The easiest way to do this is by not getting any closer to them than what they allow me. I try to find another kid that is around and that I've already met and call him. Once this other kid is close to me, I tell him that I have candies for everybody at this party. I reach into my pockets and bring some candies out. Give him one and shake hands with him while I compliment him for saying thanks.(Some times I have to remind them).

The shy kid can tell by now that I am nice to other kids. Then, I offer one candy to his parent, give it to him and shake hands and smile. Now,the kid figures that if his father is not afraid of me, why should he.

I step back a little (one or two steps)
Look at the kid but not directly to his eyes, make a nice comment on his clothing. He might have a shirt with batman, spiderman or any other super hero on it.

I make the spiderman's gesture and let him know that he is my favorite too. I ask his parent to tell me his name and tell him: "I bet your son loves you a lot", then ask the kid to tell me his name.

He might talk to me by now. Remember I am still outside his comfort zone. By the way this zone narrows as he feels confident.
(being close to his parent helps)

I act like I couldn't hear and ask him again
while holding a candy in one hand. I can't hear him because I am to far away, so I step in a little closer and closer holding one hand close to my ear until I am next to him and give him his candy. If he still doesn't take it,I give it to his parent. I step back again and say see you later.

By doing this,I try to let the kids find out by themself that I am a nice person and that they can trust me.

I will post some more examples of techniques that work for me when handling kids. I hope you give them a try. Please,let me know if they work for you all. Bye.
Mago Mai
I invite all of you to share some of my magic on videos.Please, CLICK HERE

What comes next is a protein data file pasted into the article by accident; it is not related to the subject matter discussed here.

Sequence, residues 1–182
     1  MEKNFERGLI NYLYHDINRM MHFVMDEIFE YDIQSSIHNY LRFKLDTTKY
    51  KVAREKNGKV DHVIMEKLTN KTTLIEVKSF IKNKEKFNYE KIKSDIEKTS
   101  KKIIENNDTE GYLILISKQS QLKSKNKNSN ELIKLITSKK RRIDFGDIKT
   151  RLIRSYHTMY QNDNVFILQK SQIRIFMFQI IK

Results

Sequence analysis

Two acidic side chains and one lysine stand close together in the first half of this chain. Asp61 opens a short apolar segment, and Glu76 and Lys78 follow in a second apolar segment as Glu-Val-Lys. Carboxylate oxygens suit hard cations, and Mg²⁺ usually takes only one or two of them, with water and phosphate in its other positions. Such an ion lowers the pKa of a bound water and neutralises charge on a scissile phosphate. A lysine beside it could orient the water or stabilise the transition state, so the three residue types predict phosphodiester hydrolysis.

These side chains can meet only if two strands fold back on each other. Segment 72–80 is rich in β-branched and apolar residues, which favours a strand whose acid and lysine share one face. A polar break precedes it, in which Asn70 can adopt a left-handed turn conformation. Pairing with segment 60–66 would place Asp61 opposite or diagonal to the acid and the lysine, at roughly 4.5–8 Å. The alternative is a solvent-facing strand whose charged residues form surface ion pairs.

Cheshire Cat
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Unfortunately it's a fact that you have to repair the damage done by other entertainers on some occasions. I assume that all of us can spot a shy or frightened child at an early opportunity. I tend to leave them alone for a while and give them chance to "expand" in their own good time. Hey, and I'm such a pleasant, non threatening person (when I'm working!!!) - they always quickly take to me!! I don't crouch down though as it can sometimes cause one to break wind!
Emazdad
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I did a party today where every kid at the start wouldn't leave Mums side. None would talk to me, and I knew I had my work cut out. I started the party nice and gently, (luckily it was a 2-hour party so I had the games to do before the magic show). It took a good 10 minutes to gently get them participating. Lots of prizes were given out for made up achievments, the Mum's did their best to join in with the kids and they gradually came round one at at time. By the time we got to the magic show they were really up for it. What I thought was going to be a disaster ended up being a pretty good party.
Yours Funfully
Clive "Emazdad" Hemsley
www.emazdad.com

"Magic is a secret, without the secret there is no magic"

Remember there are only 3 types of people in the world, those that can count and those that can't.
Evan
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I sometimes will sit right down and make myself very comfy, so then i am sitting like the rest of them. I do this only for tricks like "magic coloring book" becuase it is big and colorful, and told in a "story" manor.

Hope this helps,

Evan
Frank Tougas
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Billy; Interesting point of view and I can see your point of view. I do have faith in my ability to connect with the kids and have high behavioral expectations for them. I guess it is my training as a child psychologist that gives me that confidence. So in twenty plus years I have seldom been burned by having the birthday child pick someone to introduce me. If it does turn out to be someone unacceptable I do retain the right of first refusal. As for nightmare kids, it is going to happen some time or later, when it does I give them a gentle warning about helping with the show and not being a show, if it takes a second warning I send them back to their seat and pick another. Remember the rules? Sitting quietly, facing forward (attention) and not talking to others? A nightmare child can seldom do all three.
Frank Tougas The Twin Cities Most "Kid Experienced" Children's Performer :"Creating Positive Memories...One Smile at a Time"
Peter Marucci
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Usually the kids aren't afraid of me until AFTER I've performed!
Smile
Nick Alexander
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I agree with Adam V, just throw chairs at them.